The History Book Club - CIVIL RIGHTS: BROWN V. BOARD OF EDUCATION Showing 1-39 of 39
Brown v. Board of Education
Brown v. Board of Education of Topeka , U. Supreme Court in which the Court ruled that American state laws establishing racial segregation in public schools are unconstitutional, even if the segregated schools are otherwise equal in quality. Handed down on May 17, , the Court's unanimous 9—0 decision stated that "separate educational facilities are inherently unequal," and therefore violate the Equal Protection Clause of the Fourteenth Amendment of the U. However, the decision's 14 pages did not spell out any sort of method for ending racial segregation in schools, and the Court's second decision in Brown II U. The decision came out of a case from Topeka, Kansas , where the public elementary schools had been segregated by race since the late 19th century.
The U. Board of Education marked a turning point in the history of race relations in the United States. On May 17, , the Court stripped away constitutional sanctions for segregation by race, and made equal opportunity in education the law of the land.
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On May 17, 1954, the Supreme Court ruled unanimously against segregation in schools
Better schools and school desegregation tended to raise the earnings of southern-born African-American men, but not all of that progress can be attributed to the Supreme Court's decision in Brown v. Board of Education. The public profile of that landmark ruling overshadows the slow, long-term process that raised the quality of schooling available to southern black children. In Evaluating the Role of Brown v. In Plessy v. Ferguson , the Supreme Court affirmed the right of states to enforce racial segregation "for the promotion of the public good. In Alabama in , for example, the average school year for white students was more than 30 days longer than for blacks, and there were approximately 12 more black students per teacher than white students per teacher.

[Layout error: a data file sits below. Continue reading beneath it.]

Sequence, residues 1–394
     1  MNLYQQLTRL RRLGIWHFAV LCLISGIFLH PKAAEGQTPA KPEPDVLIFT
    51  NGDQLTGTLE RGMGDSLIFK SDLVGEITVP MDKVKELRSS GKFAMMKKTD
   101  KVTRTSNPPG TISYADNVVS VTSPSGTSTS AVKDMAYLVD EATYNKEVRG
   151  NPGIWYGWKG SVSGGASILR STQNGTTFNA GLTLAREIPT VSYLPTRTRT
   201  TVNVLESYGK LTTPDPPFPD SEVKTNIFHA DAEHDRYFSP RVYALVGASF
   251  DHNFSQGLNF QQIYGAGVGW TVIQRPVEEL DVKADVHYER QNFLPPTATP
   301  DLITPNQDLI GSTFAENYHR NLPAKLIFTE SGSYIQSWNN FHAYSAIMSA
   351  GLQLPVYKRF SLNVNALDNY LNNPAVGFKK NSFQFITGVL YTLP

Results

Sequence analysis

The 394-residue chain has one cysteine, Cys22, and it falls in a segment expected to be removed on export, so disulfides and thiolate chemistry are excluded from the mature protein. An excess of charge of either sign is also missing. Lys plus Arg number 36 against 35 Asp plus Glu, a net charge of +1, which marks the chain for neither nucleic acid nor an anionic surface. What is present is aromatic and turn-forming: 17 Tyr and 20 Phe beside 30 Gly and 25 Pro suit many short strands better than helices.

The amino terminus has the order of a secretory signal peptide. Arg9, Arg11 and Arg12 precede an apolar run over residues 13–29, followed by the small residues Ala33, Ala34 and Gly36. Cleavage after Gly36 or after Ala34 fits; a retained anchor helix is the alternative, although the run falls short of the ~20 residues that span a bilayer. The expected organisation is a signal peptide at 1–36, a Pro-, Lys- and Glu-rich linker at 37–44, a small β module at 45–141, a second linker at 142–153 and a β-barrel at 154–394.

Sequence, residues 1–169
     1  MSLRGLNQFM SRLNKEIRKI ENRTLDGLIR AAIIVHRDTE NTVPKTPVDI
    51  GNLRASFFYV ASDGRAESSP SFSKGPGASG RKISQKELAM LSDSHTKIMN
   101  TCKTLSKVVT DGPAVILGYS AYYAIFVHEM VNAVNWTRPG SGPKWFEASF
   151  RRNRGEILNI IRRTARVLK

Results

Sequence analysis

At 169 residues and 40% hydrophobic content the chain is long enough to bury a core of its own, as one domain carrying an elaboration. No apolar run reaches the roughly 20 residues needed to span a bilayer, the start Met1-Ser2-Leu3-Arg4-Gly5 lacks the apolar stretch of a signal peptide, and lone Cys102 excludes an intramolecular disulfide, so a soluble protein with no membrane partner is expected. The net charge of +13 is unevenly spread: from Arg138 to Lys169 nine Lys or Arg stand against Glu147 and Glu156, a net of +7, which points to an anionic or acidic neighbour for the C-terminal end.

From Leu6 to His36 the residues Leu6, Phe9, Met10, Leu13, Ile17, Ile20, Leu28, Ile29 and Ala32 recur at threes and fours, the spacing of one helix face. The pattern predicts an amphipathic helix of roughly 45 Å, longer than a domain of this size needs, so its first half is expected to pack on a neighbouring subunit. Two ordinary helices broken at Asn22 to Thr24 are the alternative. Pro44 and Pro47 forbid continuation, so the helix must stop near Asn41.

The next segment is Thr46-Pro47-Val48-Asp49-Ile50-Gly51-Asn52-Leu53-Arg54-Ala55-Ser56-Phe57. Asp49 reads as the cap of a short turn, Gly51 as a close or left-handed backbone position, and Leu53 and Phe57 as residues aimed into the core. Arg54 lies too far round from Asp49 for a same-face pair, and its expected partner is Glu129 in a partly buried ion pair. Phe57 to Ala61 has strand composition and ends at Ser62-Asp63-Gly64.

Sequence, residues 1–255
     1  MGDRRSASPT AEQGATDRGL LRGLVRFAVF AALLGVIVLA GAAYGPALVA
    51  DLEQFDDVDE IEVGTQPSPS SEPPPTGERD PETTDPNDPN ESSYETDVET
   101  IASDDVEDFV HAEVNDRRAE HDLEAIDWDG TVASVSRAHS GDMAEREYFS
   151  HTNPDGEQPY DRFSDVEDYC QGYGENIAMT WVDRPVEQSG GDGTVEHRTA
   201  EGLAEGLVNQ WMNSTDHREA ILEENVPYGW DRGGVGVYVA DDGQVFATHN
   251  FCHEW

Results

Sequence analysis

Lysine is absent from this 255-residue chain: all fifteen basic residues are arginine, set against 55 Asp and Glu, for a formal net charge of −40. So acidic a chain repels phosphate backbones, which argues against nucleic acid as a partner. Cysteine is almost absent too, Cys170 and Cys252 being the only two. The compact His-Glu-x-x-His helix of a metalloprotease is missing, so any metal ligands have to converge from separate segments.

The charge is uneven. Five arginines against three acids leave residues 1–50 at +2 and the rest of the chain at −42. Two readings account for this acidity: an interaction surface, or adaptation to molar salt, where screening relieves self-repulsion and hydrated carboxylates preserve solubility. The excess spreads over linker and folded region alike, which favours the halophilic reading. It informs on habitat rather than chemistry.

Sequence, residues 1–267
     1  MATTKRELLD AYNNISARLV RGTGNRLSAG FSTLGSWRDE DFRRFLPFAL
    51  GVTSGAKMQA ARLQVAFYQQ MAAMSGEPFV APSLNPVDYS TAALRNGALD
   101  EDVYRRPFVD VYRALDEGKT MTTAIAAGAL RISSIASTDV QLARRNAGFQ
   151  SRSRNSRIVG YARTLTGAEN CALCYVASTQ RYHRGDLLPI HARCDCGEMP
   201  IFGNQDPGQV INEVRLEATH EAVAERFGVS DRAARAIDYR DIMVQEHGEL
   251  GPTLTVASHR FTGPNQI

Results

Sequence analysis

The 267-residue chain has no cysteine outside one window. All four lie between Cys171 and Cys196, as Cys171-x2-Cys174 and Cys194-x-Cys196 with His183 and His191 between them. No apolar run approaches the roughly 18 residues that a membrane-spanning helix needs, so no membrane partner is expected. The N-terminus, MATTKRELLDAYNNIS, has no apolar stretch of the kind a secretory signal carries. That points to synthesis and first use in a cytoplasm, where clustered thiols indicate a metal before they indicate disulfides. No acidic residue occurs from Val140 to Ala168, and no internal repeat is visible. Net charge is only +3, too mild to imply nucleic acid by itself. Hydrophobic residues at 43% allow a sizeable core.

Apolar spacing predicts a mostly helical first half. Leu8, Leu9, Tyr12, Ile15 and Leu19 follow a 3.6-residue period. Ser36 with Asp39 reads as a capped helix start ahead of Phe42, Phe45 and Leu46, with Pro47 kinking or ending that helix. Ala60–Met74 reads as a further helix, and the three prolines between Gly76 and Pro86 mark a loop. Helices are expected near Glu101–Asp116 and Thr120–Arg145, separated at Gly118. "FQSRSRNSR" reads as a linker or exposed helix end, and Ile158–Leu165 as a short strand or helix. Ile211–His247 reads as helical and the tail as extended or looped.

George C. Hayes, Thurgood Marshall, James M. Nabrit l-r in front of the Supreme court, after winning Brown v. Board of Education. The Brown v. Board of Education of Topeka, Kans.
Brown v. Board of Education of Topeka was a landmark Supreme Court case in which the justices ruled unanimously that racial segregation of children in public schools was unconstitutional. In , the Supreme Court ruled in Plessy v. Ferguson that racially segregated public facilities were legal, so long as the facilities for blacks and whites were equal. But by the early s, the National Association for the Advancement of Colored People NAACP was working hard to challenge segregation laws in public schools, and had filed lawsuits on behalf of plaintiffs in states such as South Carolina , Virginia and Delaware. The case went before the U.